Imatinib for the treatment of patients with unresectable and/or metastatic gastrointestinal stromal tumours: systematic review and economic evaluation

Authors: Wilson J, Connock M, Song F, Yao G, Fry-Smith A, Raftery J, Peake D

Journal: Health Technology Assessment Volume: 9 Issue: 25

Publication date: July 2005



Wilson J, Connock M, Song F, Yao G, Fry-Smith A, Raftery J, et al.Imatinib for the treatment of patients with unresectable and/or metastatic gastrointestinal stromal tumours: systematic review and economic evaluation. Health Technol Assess 2005;9(25)

Download: Citation (for this publication as a .ris file) (4.8 KB)

Journal issues* can be purchased by completing the form.

The cost of reports varies according to number of pages and postage address. The minimum cost for a copy sent to a UK address is £30.00. We will contact you on receipt of your completed form to advise you of actual cost. If you have any queries, please contact

*We regret that unfortunately we are unable to supply bound print copies of Health Technology Assessment published before issue 12:31. However, PDFs are available to print from the "Downloads" tab of the issue page.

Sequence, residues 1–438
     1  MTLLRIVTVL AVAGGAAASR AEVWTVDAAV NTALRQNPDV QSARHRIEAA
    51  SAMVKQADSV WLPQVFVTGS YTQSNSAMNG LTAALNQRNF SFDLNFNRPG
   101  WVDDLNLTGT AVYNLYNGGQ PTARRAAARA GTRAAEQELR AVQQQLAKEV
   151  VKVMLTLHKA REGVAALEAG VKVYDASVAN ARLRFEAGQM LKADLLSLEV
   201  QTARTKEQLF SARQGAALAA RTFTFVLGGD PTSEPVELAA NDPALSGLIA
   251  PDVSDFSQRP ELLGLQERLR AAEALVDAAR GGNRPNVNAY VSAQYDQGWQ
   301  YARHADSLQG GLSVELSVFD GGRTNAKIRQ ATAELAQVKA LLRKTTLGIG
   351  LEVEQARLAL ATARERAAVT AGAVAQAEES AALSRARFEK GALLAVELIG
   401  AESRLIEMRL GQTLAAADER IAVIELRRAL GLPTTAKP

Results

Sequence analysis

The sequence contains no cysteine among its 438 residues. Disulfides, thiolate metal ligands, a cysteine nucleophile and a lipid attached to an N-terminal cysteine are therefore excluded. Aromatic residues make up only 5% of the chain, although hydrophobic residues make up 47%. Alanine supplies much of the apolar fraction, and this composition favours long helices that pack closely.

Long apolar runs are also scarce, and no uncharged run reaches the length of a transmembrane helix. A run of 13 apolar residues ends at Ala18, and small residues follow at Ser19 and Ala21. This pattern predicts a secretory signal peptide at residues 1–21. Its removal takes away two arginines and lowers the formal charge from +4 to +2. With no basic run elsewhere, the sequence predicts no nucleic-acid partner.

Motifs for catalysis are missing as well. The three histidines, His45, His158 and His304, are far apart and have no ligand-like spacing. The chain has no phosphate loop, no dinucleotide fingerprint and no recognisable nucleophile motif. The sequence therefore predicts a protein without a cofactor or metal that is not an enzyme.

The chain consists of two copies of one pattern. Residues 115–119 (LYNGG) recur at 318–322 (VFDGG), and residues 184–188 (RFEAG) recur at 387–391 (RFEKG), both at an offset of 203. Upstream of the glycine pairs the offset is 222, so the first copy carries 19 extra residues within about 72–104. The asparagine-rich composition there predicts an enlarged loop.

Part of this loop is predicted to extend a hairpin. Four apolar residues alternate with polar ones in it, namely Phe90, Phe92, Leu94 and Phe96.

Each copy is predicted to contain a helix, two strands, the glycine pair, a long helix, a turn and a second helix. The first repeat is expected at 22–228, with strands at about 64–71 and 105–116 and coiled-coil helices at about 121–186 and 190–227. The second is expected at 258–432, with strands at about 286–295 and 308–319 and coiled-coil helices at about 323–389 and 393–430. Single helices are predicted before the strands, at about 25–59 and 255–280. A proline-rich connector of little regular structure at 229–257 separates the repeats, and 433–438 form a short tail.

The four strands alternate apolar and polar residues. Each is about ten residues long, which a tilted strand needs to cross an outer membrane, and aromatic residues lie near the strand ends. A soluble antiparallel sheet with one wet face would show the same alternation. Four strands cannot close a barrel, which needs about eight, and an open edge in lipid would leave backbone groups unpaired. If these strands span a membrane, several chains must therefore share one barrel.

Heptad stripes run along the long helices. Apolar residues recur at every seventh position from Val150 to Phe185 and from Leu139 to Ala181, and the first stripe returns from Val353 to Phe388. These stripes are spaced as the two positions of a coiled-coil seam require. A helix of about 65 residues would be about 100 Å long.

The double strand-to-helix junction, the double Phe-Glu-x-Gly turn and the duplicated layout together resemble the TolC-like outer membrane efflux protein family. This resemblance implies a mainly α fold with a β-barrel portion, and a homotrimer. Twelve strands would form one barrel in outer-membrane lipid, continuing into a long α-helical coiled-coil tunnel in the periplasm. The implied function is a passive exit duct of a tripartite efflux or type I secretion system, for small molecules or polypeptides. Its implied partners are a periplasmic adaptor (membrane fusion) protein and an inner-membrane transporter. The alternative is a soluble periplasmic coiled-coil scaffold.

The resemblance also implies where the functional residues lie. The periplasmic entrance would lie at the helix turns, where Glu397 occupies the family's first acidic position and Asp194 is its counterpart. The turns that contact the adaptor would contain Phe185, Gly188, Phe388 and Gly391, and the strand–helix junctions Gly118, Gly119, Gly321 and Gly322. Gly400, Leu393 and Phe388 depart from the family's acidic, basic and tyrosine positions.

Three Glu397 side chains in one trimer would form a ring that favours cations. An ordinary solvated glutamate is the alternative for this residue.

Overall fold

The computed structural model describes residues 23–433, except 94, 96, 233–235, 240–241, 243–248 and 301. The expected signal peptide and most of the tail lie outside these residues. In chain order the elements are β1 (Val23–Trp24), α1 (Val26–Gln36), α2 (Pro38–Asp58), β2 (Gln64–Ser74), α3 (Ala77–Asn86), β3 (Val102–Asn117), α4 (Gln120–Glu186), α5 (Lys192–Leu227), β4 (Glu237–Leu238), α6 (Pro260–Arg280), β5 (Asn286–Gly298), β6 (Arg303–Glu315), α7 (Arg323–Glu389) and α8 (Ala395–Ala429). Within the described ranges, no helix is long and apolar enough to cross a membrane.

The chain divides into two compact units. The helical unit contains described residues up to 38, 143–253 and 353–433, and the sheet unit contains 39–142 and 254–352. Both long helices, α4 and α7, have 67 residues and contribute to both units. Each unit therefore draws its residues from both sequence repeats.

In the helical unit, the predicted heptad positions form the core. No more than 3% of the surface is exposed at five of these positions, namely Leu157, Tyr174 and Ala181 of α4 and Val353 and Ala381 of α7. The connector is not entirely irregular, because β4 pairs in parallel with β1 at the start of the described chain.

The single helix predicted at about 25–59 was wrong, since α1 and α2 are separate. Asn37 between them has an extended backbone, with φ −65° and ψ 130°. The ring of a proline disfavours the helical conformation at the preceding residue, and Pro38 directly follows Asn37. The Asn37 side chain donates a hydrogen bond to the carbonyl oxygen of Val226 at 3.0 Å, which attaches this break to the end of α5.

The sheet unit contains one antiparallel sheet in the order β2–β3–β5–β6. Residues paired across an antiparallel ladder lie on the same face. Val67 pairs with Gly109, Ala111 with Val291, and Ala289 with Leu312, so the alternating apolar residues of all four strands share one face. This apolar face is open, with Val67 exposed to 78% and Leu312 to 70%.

No responses have been published. If you would like to submit a response to this publication, please do so using the form below.

Comments submitted to the NIHR Journals Library are electronic letters to the editor. They enable our readers to debate issues raised in research reports published in the Journals Library. We aim to post within 2 working days all responses that contribute substantially to the topic investigated, as determined by the Editors.

Your name and affiliations will be published with your comment.

Once published, you will not have the right to remove or edit your response. The Editors may add, remove, or edit comments at their absolute discretion.

Post your response



Middle Initial

Occupation / Job title

Affiliation / Employer



Other authors

For example, if you are responding as a team or group. Please ensure you include full names and separate these using commas

Statement of competing interests

We believe that readers should be aware of any competing interests (conflicts of interest).

The International Committee of Medical Journal Editors (ICMJE) define competing interests as including: financial relationships with industry (for example through employment, consultancies, stock, ownership, honoraria, and expert testimony), either directly or through immediate family; personal relationships; academic competition; and intellectual passion.